Wine and a Movie
Four friends taste wine in Santa Barbara Wine Country

​I present to you - ta da! - Kay Syrah's top three movies about wine.  Winners are, in no particular order, Somm, Bottleshock, and Sideways. 


During the past forty years, about 220 people worldwide have passed the Master Sommelier Exam.  During that same period, almost 10 times as many people have been struck by lightning in the United States alone. So, yeah, it's an uncommon achievement.  

Jason Wise's 2012 documentary SOMM chronicles the journey of four hopefuls as they swirl, sip and spit their way towards the pinnacle of wine knowledge.  The movie uncorked the secret and highly obsessive world of the Court of Master Sommeliers, and immediately became a cult fave for self proclaimed wine snobs like me. 

But as geeky and inaccessible as its topic may seem, SOMM offers broad appeal with themes of camaraderie and a Rocky-esque pursuit of excellence.

Bottle Shock 

Prior to May 24, 1976, premium wines came from France, and cheap jug wines came from America.  Then, there was the "Judgment of Paris."

Bottle Shock is based on the true story of the blind tasting competition that transformed Napa wine from a cheap buzz to a premium quaff.  The brainchild of British wine merchant Steven Spurrier (played by a delightfully disdainful Alan Rickman), the California vs. France competition was expected to confirm what everyone already knew... that fine wines comeonly from France.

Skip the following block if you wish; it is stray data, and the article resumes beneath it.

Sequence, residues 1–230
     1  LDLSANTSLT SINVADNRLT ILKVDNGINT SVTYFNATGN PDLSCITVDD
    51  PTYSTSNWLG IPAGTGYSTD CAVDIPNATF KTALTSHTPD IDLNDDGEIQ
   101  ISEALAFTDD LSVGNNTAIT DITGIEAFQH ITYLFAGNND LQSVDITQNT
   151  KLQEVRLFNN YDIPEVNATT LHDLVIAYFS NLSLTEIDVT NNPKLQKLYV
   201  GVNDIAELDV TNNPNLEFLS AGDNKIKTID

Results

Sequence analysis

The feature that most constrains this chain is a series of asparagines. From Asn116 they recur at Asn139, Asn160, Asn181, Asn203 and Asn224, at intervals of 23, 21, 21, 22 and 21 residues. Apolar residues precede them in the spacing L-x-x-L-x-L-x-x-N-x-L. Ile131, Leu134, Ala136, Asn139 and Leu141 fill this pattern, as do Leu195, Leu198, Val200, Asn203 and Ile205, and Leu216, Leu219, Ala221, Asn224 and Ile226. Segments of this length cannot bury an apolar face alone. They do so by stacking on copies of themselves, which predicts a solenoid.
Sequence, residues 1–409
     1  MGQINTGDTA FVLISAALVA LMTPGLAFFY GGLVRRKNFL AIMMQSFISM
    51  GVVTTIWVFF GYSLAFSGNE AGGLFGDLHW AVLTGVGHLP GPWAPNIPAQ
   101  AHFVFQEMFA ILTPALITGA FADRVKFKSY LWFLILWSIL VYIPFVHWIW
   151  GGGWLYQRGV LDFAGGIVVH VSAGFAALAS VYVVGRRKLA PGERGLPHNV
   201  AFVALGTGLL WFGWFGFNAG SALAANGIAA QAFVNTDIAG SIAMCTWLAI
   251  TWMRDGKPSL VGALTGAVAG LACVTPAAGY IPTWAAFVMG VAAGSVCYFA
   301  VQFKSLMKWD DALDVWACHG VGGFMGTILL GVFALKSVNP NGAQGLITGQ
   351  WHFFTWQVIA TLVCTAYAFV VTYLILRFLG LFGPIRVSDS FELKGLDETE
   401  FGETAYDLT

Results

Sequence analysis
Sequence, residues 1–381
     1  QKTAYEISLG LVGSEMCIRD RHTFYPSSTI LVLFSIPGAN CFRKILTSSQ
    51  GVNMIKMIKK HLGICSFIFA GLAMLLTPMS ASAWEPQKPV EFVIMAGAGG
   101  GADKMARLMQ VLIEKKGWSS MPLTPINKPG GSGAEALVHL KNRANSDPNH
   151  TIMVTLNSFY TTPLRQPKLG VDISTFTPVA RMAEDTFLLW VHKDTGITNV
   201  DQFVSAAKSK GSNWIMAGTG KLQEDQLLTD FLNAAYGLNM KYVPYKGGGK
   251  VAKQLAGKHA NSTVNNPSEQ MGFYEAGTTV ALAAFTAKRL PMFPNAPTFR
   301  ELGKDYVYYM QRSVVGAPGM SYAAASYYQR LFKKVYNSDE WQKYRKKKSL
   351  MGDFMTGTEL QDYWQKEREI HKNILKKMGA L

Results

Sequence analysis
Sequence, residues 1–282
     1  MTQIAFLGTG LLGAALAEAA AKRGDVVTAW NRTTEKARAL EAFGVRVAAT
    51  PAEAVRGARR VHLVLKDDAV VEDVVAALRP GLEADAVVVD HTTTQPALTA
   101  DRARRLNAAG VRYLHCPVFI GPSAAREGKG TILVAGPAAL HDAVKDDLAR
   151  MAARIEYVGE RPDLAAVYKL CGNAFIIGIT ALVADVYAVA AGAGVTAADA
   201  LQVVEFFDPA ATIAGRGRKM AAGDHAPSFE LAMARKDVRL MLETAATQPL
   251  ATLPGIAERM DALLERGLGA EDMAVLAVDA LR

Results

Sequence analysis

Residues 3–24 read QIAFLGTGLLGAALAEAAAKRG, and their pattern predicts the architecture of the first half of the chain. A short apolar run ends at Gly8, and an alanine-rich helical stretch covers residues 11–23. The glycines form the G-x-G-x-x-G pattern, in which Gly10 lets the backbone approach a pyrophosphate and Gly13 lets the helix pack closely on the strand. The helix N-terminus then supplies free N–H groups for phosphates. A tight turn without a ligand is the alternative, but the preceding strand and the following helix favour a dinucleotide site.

Whoops. American wines won. 

The top red wine, according to the scores of the all-French panel, was a Stags Leap Cabernet. And the top white wine was a Chateau Montelena Chardonnay.  Both winners were Californians, prompting one of the French judges to demand her ballot back, and later publicly criticize the contest. 

Released in 2008, the film recounts the now infamous French contest through the lives of Chateau Montelena founder Jim Barrett (Bill Pullman) and his rebellious son Bo (Chris Pine). 


Sideways is a gritty gem of a movie, a flick that single-handedly elevated consumption of Central Coast Pinot Noir by 40%, and at the same time dismissed Merlot as the varietal of the unsophisticated.  The 2004 indie went mainstream to become a box office hit ($72 million domestically), and launched the careers of its four stars.  

Wine snob Miles (Paul Giamatti) takes good friend and former college roommate Jack (Thomas Hayden Church), on a "last fling before the ring" jaunt into Santa Barbara wine country.  Miles' intricate musings on the subtleties of the various wines they sample are lost on the crude but likable Jack...

Miles:  It tastes like the back of a ******* L.A. school bus. Now they probably didn't de-stem, hoping for some semblance of concentration, crushed it up with leaves and mice, and then wound up with this rancid tar and turpentine bull****. (*******) Raid. 

Jack: Tastes pretty good to me.

Sometimes crass, sometimes charming, Sideways ruthlessly mocks the inane compulsions of the wine snob, yet somehow also manages to pay homage to their oenophilic excesses. 

Watch these three movies, and you will have a deeper appreciation for mankind's persistent love affair with wine. And by the way, did you figure out which wine goes with popcorn and Milk Duds?  A 2010 Chateau Rieussec Sauternes, at $90 a bottle, seems the obvious choice.


~ Kay Syrah

Wine Country Guru Gal

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